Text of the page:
This means you should design steps and movements for yourself and your dog(s) to execute that relate to the music you have selected. The routines can be comprised of basic obedience steps or variations on the obedience steps. They may also contain dressage movements, tricks, and any new step you may create. It is important to plan the steps and movements within a defined area, covering the area as fully as possible.
The third step is selecting costumes for you and your dog(s). Your outfits should coordinate with the theme of the music you have selected and be pleasing to an audience. Once you have completed these three basic steps and put it all together, you now have a musical canine freestyle performance that you can take to a demo or a competition event. At a competition, there is a fourth step you must consider-meeting the rules/guidelines defined by the governing (musical) canine freestyle organization.
You’ve Never Seen Anything Like Canine Freestyle
Competitive dog dancing is the amazing must-watch dog sport you didn’t know you needed. Many people are not even aware that dog dancing is a thing. It is also growing in popularity.
You’ll recognize some traditional obedience moves, such as heel position, but the overall goal is to get creative and put your dog’s best paw forward. Fans of the sport love the freedom of choosing their own music, designing a routine based on their dog’s strengths, and using verbal encouragement during a performance.
How did “dog dancing” Begin?
Joan Tennille, president, and co-founder of the Canine Freestyle Federation (CFF) defined canine freestyle as a competitive sport rather than just entertainment. In 1993, four dog trainers approached Tennille, at the time, a professional dancer-choreographer, to help them create what would be the first canine freestyle demo.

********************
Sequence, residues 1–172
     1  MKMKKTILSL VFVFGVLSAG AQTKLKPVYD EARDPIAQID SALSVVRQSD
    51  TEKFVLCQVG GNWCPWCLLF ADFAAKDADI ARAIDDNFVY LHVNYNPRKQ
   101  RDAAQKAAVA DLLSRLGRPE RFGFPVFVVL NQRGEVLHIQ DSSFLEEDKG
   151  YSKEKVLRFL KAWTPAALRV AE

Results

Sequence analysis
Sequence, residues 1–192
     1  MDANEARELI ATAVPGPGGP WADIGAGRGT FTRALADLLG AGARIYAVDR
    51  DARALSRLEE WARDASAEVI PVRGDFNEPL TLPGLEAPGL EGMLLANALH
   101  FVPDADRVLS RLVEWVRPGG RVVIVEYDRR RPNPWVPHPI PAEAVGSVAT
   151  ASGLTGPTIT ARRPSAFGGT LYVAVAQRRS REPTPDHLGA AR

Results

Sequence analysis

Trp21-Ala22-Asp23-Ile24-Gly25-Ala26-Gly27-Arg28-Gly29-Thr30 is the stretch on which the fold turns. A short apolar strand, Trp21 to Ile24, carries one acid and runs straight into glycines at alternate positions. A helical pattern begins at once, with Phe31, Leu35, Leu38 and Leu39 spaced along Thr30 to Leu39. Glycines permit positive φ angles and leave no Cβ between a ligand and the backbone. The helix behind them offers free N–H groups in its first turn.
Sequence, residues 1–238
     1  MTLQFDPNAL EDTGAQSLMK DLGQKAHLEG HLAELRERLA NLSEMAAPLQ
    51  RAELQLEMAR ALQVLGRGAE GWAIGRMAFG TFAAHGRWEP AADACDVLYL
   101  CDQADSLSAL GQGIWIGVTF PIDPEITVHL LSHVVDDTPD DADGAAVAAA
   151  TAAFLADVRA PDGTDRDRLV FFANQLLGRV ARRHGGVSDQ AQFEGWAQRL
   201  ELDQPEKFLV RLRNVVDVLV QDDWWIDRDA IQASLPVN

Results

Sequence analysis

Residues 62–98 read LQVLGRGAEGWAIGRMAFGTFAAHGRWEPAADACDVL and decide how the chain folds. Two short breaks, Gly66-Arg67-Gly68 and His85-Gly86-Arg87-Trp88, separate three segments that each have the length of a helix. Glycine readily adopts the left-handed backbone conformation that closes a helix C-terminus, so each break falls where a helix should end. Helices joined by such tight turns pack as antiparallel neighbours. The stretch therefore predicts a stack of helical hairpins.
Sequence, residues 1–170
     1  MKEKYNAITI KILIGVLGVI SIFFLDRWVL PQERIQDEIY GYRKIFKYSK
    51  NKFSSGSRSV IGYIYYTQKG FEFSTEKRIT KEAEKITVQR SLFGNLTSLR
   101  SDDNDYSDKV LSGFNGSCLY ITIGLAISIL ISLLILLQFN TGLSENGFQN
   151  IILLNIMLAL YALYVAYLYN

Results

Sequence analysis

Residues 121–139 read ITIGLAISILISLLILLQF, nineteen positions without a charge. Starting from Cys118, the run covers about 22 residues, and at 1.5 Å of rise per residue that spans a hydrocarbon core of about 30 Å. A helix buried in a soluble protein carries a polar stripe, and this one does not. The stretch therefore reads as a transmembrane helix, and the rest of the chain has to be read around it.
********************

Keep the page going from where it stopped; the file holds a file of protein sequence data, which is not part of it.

They wanted to showcase their dogs’ advanced obedience training by setting it to music while treating both humans and dogs as equal partners. They showed her a video of a demonstration by a now-defunct Canadian organization. “There was a woman in high heels and stockings doing ballet with a Golden Retriever,” says Tennille.
“There were so many sequins and ruffles, you couldn’t even see the dog, and all the dog did was sit. Another woman had a well-trained Border Collie, but she had heavy sequins and balloons, so again, you couldn’t see the dog. I call that entertainment. That’s not what they wanted.”
Aside from the challenge of giving the dog equal stage presence, Tennille had to think about movement and flow. Four-footed dogs move very differently from two-footed people. Plus, a Border Collie is going to be more agile and light on their feet than a Bloodhound.
The demo proved successful, and Canine Freestyle Federation was born two years later. It remains the oldest active canine freestyle organization and is best known for what Tennille calls “performance attitude.”
In 1999, the World Canine Freestyle Organization (WCFO) made its debut and began offering worldwide competitions the following year. The Musical Dog Sport Association (MDSA) was then founded in 2002. Its website is an excellent resource for beginners. It features resources such as a comprehensive (and ever-evolving) list of dog dancing moves and advice on how to find a good canine freestyle trainer.